I just did a quick search. I think someone bought a new stone for the Farrells. They are in Fairview Cemetery. Also Jesse’s daughter Mary A married a Richard Meredith.
So now we know how it came to be a Meredith farm,right? And Fairview Cemetery is where? Coatesville?
In Pennsylvania we have bucolic rural beauty and we also have the savage pipelines raping the land.
We are a Commonwealth of Contrasts; the juxtaposition between heaven and hell.
Remember images like this when you go to vote.
West Whiteland Township officials must wear blinders going in and out of their township building!
This is that historic farm house right as in directly across the street from them that is on the mall property at Main Street in Exton.
Wasn’t this the property that if that mall got built those structures would be saved and restored?
I actually had my husband turn around so I could take photos because we were so shocked at the dilapidated deteriorated appearance of these structures. And one side has graffiti on it as well.
The only caretakers of the property are the Canadian geese!
Chester County, we have to stop allowing elected officials and others from paying only lip service to historic preservation. It needs to mean something. We deserve better in our communities.
Oh, and now we can see shrink wrapping structures is NOT historic preservation, right?
Sign me appalled.
At the Main Street at Exton site, formerly known as the Indian Run Farm, some of the county’s most historical treasures will stand beside some of the county’s largest new stores.
A case of the old meeting the new, part of the Main Street project includes the adaptive re-use of several historical buildings, one of which may be nearly 300 years old.
“It’s kind of remarkable that historical structures like this can co-exist with this type of development,” said West Whiteland Historical Commission Chairman Bruce Flannery. “I think there is an opportunity there for a something really fruitful between the township, developer and community, but that remains to be seen. We know the resources will stay. The question is how they will remain…….”Historically, the crossroads has been where some of the county’s first settlers, given land through the 1684 William Penn grant, designated by the king of England, chose to call home. Penn gave 40,000 acres of land to Welsh Quakers fleeing persecution in England.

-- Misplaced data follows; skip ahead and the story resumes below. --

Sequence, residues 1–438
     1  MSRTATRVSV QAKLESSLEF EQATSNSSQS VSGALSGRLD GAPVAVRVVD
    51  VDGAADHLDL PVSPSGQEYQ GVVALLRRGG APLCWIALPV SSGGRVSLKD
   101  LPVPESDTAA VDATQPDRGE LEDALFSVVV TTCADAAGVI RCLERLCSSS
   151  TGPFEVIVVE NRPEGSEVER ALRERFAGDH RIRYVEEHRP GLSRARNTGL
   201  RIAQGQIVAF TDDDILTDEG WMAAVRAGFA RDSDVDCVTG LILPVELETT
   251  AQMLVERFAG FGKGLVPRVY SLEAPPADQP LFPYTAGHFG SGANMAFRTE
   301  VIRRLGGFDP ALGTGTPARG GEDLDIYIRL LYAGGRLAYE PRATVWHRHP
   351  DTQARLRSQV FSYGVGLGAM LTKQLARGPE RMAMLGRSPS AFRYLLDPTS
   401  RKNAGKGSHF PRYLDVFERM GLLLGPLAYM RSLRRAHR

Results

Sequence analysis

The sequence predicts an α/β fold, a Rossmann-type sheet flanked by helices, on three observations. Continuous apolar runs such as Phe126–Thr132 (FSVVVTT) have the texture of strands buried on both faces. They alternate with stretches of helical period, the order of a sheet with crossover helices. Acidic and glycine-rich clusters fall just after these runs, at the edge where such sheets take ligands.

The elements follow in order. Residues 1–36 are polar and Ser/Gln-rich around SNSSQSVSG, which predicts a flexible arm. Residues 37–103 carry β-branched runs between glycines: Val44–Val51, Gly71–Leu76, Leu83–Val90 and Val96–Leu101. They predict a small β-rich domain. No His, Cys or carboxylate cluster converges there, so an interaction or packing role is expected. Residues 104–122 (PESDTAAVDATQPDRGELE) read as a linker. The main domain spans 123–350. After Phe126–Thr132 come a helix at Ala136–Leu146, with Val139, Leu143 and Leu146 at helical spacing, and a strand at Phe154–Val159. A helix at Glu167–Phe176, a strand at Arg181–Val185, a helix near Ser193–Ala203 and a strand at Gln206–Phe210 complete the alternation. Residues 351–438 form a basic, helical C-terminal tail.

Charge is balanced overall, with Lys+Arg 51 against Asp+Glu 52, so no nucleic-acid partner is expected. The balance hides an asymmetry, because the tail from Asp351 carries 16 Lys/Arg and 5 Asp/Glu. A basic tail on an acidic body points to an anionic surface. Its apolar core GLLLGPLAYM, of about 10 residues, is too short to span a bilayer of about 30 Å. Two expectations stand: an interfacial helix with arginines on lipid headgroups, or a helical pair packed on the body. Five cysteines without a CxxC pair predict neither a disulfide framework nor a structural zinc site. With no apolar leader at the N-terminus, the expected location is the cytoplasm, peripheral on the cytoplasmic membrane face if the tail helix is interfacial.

At that time Route 100 was most likely an Indian trail, said Flannery.
The land where Main Street at Exton is being constructed was initially given to Richard Thomas, a Quaker who fled Wales with his family. The Thomas family complex was centered around the area where routes 30 and 100 now intersect.
Operating a gentleman’s farm, Richard Ashbridge, a direct descendant of Thomas, built the 1843 house, renovated in 1912, that stands at the site. Both the house and the woodcutter’s cottage, where a stone dates the building back to 1707, are class one historical structures.
“The resources on the Indian Run Farm are some of the most historical in the township,” said Flannery. “The site itself and the complex are extremely important and unique.”…..The land where the former Thomas homestead and the current Ashbridge house stand is “sacrosanct,” said Flannery. “It certainly was one of the first settlements,” he said. “It’s a really wonderful farmstead, really beautiful.”
So this is the respect for the past that the developer here has shown and West Whiteland has allowed? 16 years of demolition by neglect for what they said is one of the first settlements in the township and of paramount historical importance?!
In the spring of 2017, apparently the developer had this idea of apartments there. You can read the article in The Daily Local, and here is an excerpt:
Main Street at Exton builder Wolfson Group, plans to build a 410-unit apartment complex near Commerce Drive and next to the Exton Square Mall. The 26-room mansion is slated to become a community center .
The township has not awarded final approval for the apartment project. The property is zoned TC or Town Center.
Shoppers at Main Street at Exton have watched the historic building decay since long before it was wrapped with protective tarps in 2002. Much of the 1843 era house is now exposed to the elements as tattered tarps blow in the wind….
So….how many years does a developer have to let something stand and rot before they file for demolition permits in West Whiteland?
There is also an Abandoned Steve video on this which is quite interesting. CLICK HERE TO VIEW.
Not the first time I have shared an image of this barn – I love it.
There are some cows, or maybe steer (I’m not sure exactly) living there as well now. Sometimes when I go by I see them outside.
West Whiteland is very developed but then there are these throwback pockets.
And what I have also noticed throughout West Whiteland on Lancaster Avenue/Route 30/Lincoln Highway are the old historic properties, some of which have been amazingly restored and are still in use – maybe not the original use, but adaptive reuse.